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Stigma & Misconceptions

Breaking Barriers

When we’re struggling with a mental illness, we sometimes feel alone–often because of the stigma about mental illness in Muslim communities. Sometimes, by the time we do get help, our symptoms have worsened. Reducing the stigma surrounding mental illness is not just an individual effort but a collective one. We need to work to shift the conversation in our communities and among our families. Having those tough conversations is difficult but important. This is essential to combat the feelings of isolation that often come with struggling alone. Keep reading for more resources on this topic. 

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Research & Resource Contributors

At The Family & Youth Institute, we take community education and engagement seriously. Research shows that nurturing relationships, positive experiences, and healthy environments influence positive mental health and well-being. The FYI strives to enhance these qualities by educating and engaging individuals to empower change in communities. We aim to support and uplift young people and their families by conducting original research and translating that research into creative and useful mediums for people like you.

Stigma and Misconceptions

Sameera Ahmed

Stigma and Misconceptions

Khalid Elzamzamy

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The Prophet (SAS) said, “There are no days in which righteous deeds are more beloved to Allah than these ten days”
(Bukhari).

Guarantee your blessings!

Zakat eligibility of The FYI

The Family & Youth Institute, or The FYI, is a well-known Muslim organization in the United States. It works to promote mental health and wellness by strengthening and empowering individuals, families, and communities through research and education. It has been working for many years to bring Islamic perspectives to understanding and promoting mental health in our communities.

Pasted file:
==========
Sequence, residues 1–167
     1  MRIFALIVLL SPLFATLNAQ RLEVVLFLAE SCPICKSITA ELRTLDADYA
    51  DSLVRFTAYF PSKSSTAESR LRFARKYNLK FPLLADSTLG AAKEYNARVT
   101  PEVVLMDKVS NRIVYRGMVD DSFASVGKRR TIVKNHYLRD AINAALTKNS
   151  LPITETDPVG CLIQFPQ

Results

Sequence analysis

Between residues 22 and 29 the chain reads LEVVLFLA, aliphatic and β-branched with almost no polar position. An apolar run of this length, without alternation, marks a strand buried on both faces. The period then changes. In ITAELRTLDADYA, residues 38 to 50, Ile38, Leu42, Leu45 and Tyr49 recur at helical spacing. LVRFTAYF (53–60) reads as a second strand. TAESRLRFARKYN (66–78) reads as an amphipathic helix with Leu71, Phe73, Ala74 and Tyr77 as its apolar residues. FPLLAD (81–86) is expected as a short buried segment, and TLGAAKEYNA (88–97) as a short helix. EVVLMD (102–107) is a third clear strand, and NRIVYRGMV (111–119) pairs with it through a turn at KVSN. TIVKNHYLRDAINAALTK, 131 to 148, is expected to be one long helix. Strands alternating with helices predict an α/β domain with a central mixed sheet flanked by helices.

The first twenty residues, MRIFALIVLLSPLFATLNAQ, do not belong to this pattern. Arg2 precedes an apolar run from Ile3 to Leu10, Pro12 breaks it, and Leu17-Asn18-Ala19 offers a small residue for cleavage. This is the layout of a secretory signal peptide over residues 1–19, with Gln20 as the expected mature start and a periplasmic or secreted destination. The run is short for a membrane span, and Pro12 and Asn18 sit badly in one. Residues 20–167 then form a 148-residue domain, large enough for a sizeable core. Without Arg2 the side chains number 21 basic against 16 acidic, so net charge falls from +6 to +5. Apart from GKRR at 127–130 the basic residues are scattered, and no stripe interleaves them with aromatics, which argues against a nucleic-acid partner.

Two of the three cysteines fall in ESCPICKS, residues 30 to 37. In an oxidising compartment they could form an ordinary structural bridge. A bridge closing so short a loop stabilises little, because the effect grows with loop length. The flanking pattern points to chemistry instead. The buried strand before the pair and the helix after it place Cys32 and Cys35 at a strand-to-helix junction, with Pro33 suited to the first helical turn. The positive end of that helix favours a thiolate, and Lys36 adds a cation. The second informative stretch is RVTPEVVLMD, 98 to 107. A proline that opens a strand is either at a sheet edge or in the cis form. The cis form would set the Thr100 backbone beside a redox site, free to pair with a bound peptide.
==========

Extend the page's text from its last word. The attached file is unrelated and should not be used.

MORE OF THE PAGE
It is dedicated to serving and supporting Muslims – safeguarding our deen, our families, and our future generations. Therefore, the work of The FYI comes in the category of ‘fi sabeelillah’ or the Path of Allah, within the eight categories where Zakat money can be used.

Zakah expenditures are only for the poor and for the needy and for those employed for it and for bringing hearts together [for Islam] and for freeing captives [or slaves] and for those in debt and for the cause of Allah, and for the [stranded] traveler – an obligation [imposed] by Allah, And Allah, is Knowing and Wise.”
(Al-Tawbah 9:60)

According to scholars who widen the meaning of fee sabeelillah to include any activities that promote Islamic growth, The FYI is indeed eligible to receive part of the Zakat funds for its programs and services. I urge Muslims in America to support this organization through their donations, general charity, and through their Zakat. I ask Allah swt to strengthen and guide The FYI to continue its good work in supporting Muslims.

Shaikh Ali Suleiman Ali, PhD

About Shaikh Ali

Sh. Ali Suleiman Ali was born in Ghana where he spent his childhood studying with various Muslim scholars. He then moved to Saudi Arabia and enrolled in the Islamic University of Madina.  He graduated with a degree in both Arabic and Islamic Studies. Dr. Ali went on to complete his Ph.D. in Islamic Studies at the University of Michigan, Ann Arbor.

Sh. Ali serves on the Advisory Council of The Family & Youth Institute. He is the Senior Imam and Director of the Muslim Community of Western Suburbs in Canton, Michigan. Additionally, he serves as the Director of Muslim Family Services in Detroit and is a council member of the Fiqh Council of North America (FCNA). He is also a member of the North American Imams Federation (NAIF) and the Association of Muslim Jurists of America (AMJA).